• Propagation: By cuttings in summer, by sowing seeds in fall or early spring, by grafting in winter.
  • Plant Care: Regular watering, pruning, and fertilizing. Use rose-specific fertilizer for best results.
  • Growing in pots and containers: Yes, especially dwarf and patio varieties. Ensure good drainage and regular feeding.
  • Growing as a House plant: Not typically grown indoors due to light requirements, but miniature roses can be kept indoors in bright light and high humidity conditions.
  • Miscellaneous: Attracts bees, birds, and butterflies. Deer and rabbit resistant. Some species can become invasive in certain areas, such as Rosa rugosa in the northeastern US.
  • Pests and diseases: Common pests include aphids, black spot, powdery mildew, and rust.
  • Common Garden Species / Cultivars / Varieties: Rosa damascena (Damask Rose) has large, pink, highly fragrant flowers. Rosa rugosa (Rugosa Rose) known for its wrinkled leaves and large, bright rose hips. Rosa 'Peace' (Peace Rose) is a well-known hybrid tea rose with yellow to cream-colored flowers flushed with pink.
  • Family: Rosaceae, the Rose family.
  • Native: Northern Hemisphere, including Asia, Europe, North America, and northwest Africa.
  • References: RHS Guide to Roses, Rose cultivars, North Carolina Extension Rose Guide

Common Questions

How many members does the Rosa genus contain?

The Rosa genus comprises around 300 species and thousands of cultivars. These range from climbing roses, through to shrubs and miniatures.

Do Rosa plants make for a good garden or landscaping plant?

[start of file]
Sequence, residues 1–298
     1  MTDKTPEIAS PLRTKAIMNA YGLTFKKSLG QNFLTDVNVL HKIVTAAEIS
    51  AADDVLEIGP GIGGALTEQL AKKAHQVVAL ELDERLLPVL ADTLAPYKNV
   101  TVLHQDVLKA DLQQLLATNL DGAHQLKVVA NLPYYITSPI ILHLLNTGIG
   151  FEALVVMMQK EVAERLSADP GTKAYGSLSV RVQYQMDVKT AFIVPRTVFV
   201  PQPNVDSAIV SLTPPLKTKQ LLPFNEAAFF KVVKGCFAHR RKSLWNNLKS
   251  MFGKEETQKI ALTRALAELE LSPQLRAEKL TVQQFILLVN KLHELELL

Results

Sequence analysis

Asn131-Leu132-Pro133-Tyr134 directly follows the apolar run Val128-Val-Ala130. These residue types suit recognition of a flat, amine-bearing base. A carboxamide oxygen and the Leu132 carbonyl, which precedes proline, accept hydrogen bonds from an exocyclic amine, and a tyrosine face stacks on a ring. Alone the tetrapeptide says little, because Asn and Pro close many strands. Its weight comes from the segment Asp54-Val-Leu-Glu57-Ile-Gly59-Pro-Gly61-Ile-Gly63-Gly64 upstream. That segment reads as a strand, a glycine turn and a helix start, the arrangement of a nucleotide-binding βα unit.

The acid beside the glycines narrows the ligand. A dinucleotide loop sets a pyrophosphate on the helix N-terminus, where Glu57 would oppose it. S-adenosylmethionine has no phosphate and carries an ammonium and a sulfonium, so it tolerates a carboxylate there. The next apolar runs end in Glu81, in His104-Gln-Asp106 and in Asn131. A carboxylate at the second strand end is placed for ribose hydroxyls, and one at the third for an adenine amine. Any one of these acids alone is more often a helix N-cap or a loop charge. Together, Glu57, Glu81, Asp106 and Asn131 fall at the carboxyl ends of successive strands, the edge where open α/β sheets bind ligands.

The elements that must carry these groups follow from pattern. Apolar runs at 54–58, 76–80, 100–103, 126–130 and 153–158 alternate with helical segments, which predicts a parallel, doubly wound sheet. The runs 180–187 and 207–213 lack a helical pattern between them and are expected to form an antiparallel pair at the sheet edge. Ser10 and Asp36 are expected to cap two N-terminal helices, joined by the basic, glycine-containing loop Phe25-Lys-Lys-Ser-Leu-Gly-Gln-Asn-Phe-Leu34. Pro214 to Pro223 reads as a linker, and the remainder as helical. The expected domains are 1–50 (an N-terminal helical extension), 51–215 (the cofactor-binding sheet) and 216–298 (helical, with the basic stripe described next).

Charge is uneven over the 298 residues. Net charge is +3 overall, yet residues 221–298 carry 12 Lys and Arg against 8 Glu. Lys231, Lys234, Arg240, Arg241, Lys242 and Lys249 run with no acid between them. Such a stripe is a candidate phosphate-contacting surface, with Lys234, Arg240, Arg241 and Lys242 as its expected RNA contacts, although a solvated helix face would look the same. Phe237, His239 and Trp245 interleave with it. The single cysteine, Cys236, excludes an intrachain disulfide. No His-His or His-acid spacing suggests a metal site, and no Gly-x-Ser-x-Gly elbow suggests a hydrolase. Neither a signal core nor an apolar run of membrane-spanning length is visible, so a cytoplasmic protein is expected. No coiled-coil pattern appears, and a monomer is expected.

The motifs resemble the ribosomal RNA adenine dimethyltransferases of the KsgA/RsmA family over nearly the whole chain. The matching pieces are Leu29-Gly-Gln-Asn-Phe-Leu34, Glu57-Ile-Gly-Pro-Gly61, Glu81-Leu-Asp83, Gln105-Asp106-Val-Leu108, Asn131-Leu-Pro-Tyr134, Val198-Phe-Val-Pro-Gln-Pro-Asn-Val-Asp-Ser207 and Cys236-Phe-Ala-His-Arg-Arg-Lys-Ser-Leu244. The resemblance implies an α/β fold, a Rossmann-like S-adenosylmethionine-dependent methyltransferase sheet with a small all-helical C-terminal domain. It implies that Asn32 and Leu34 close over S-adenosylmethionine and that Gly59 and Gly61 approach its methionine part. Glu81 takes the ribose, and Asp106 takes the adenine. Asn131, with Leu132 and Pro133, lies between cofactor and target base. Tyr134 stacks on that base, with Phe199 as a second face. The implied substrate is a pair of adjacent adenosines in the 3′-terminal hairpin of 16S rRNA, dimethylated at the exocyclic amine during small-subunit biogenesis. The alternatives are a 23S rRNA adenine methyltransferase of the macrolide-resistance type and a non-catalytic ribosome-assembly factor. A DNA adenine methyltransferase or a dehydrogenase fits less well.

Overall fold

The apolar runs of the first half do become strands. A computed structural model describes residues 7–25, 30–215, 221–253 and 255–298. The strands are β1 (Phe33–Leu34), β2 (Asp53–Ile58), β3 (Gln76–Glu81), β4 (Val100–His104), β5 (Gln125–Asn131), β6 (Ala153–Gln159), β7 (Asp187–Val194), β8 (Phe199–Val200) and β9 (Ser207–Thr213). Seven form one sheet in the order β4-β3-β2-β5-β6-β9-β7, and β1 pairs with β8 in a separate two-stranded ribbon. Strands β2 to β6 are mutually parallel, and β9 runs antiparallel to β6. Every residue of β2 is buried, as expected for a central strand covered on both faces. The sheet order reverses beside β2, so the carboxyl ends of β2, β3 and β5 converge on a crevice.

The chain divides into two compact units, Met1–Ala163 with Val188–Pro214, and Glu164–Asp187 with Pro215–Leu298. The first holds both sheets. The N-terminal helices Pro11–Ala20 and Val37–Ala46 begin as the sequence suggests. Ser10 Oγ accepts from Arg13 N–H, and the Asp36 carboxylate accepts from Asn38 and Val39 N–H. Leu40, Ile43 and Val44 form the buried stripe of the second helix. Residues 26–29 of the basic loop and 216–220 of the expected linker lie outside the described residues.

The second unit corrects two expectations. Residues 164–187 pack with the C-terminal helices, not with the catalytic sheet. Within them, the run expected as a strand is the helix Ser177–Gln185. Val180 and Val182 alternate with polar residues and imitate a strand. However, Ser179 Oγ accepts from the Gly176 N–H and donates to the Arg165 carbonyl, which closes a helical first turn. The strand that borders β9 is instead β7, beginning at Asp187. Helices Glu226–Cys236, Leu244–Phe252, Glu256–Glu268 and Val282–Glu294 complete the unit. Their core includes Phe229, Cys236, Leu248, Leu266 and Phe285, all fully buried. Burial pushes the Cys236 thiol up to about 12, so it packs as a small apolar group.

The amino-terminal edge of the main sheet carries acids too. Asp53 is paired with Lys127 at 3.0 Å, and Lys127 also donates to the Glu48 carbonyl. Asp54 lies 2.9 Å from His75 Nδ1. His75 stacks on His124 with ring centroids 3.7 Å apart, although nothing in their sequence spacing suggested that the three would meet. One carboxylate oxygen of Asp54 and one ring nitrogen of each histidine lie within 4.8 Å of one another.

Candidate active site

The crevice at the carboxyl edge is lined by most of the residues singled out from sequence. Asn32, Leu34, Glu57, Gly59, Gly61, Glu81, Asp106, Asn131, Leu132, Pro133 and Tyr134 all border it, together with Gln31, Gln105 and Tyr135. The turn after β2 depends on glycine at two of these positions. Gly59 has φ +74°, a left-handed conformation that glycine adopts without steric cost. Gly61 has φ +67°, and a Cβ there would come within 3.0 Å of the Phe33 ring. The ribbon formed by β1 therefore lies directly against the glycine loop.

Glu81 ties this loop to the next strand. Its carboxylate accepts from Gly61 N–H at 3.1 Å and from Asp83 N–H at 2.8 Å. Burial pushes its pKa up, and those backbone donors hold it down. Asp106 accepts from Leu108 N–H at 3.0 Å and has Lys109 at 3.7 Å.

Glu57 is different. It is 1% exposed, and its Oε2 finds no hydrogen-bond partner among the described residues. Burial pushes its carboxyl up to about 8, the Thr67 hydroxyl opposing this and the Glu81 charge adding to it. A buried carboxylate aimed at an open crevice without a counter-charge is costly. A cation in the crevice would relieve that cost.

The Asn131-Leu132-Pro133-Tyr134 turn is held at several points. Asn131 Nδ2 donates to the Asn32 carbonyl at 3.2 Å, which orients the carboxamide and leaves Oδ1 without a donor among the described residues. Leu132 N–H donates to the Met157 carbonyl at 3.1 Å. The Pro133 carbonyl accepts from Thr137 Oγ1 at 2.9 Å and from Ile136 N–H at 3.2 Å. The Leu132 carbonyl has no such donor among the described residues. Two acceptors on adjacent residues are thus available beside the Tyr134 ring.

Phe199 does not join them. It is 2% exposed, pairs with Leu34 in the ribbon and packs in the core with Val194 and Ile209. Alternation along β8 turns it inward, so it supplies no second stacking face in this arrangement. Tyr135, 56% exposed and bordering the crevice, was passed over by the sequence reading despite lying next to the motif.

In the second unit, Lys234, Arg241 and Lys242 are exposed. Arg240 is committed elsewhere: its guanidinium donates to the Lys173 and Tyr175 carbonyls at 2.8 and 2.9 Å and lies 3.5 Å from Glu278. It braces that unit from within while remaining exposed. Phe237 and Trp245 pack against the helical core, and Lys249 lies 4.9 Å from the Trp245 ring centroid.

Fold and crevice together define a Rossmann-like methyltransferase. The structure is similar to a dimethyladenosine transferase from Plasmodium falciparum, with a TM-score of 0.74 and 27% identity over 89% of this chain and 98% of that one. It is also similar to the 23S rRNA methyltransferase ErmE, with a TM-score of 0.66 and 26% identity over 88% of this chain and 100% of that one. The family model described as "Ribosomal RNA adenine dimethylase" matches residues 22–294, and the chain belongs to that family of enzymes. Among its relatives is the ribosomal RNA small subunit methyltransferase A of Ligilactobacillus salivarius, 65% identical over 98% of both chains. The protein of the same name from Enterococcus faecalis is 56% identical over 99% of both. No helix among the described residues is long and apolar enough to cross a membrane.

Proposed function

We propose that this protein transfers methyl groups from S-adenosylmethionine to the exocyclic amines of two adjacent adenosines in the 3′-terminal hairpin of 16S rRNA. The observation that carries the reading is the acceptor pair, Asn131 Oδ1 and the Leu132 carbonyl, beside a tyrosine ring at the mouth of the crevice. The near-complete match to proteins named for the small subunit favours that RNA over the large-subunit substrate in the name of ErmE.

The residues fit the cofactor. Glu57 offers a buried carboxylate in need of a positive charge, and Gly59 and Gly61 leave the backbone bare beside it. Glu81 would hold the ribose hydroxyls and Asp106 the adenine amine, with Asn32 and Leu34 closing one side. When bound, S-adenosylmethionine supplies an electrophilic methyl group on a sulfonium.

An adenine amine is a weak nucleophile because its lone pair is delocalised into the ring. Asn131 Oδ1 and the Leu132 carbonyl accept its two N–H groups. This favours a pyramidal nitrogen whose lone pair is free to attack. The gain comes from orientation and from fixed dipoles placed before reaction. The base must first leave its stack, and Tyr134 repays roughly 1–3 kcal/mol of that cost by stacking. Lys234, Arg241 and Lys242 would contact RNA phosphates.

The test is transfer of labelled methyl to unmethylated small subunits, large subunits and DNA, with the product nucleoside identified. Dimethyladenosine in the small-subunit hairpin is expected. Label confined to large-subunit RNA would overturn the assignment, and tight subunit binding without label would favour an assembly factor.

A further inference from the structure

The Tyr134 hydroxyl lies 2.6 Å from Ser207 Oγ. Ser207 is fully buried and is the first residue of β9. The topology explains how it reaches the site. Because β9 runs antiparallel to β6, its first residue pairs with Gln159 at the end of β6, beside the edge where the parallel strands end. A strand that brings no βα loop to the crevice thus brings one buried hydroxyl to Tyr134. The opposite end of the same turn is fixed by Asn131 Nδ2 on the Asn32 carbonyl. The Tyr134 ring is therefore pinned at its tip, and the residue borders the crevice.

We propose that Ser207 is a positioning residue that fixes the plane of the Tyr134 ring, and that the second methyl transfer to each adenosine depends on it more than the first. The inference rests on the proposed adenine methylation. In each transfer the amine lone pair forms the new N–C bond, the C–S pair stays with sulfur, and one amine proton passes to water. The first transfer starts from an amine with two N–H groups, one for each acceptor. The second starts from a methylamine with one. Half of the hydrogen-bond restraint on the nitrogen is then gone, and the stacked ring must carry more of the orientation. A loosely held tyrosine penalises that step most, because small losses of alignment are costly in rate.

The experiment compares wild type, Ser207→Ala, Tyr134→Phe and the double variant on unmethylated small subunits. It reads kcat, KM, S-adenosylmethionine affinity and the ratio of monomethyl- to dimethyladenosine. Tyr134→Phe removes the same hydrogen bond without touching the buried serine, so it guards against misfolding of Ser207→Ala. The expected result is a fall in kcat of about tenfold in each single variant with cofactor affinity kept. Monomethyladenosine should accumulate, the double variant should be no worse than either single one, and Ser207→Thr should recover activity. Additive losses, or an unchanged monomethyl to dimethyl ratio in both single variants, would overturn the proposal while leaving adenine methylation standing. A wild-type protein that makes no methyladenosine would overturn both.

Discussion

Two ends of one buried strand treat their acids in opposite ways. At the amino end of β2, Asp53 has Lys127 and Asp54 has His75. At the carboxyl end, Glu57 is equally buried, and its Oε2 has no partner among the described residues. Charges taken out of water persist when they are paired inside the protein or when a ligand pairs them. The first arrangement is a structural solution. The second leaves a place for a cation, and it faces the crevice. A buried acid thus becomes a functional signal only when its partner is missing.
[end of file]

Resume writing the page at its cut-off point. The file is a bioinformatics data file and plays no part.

Rose is a a classic garden plant. With their diverse forms, stunning blooms, and often delightful fragrance, they make a wonderful addition to a garden.

Which Rose species are most frequently grown by gardeners?

Some of the most frequently grown species include Rosa damascena (Damask Rose), Rosa gallica (French Rose), and Rosa rugosa (Rugosa Rose).

Are Rosa plants fragrant?

Many Rosa species and cultivars are fragrant, with scents ranging from the classic 'rose' aroma itself, to notes of fruit, spice, wine, and even chocolate.

What is the perfect location to grow Rose?

Roses generally prefer a sunny spot with well-drained, fertile soil. They also appreciate good air circulation to prevent fungal diseases.

Is Rosa invasive in the USA, if so in which states?

Some species, such as Rosa multiflora (Multiflora Rose) are considered invasive in parts of the USA, as they are known to have aggressive growth and spread. As ever, check your local regulations before growing any problematic plants in your garden.

How do I remove Rosa plants from my garden?

Removing Rosa plants requires careful digging to ensure the entire root system is removed. Wearing protective gloves is advised due to thorns.


The Rosa plant genus, better known as the Roses, includes some of the world's most iconic and cherished flowers. These hardy plants originate from many different parts of the globe, including Asia, Europe, North America, and Northwestern Africa.

Roses prefer to grow in a garden location with full sun and a fertile, well-draining soil. They usually get planted in the spring or fall. Regular watering and pruning are essential for good health and to promote blooms. With hundreds of cultivars available, Roses offer gardeners an amazing palette of colors, sizes, and fragrances to choose from.

I hope that you enjoyed this guide on how to grow Rosa plants. You may also enjoy the following Gardener's HQ Rose family growing guides: How to grow Acaena microphylla, Potentilla, Aruncus, and Dryas plants.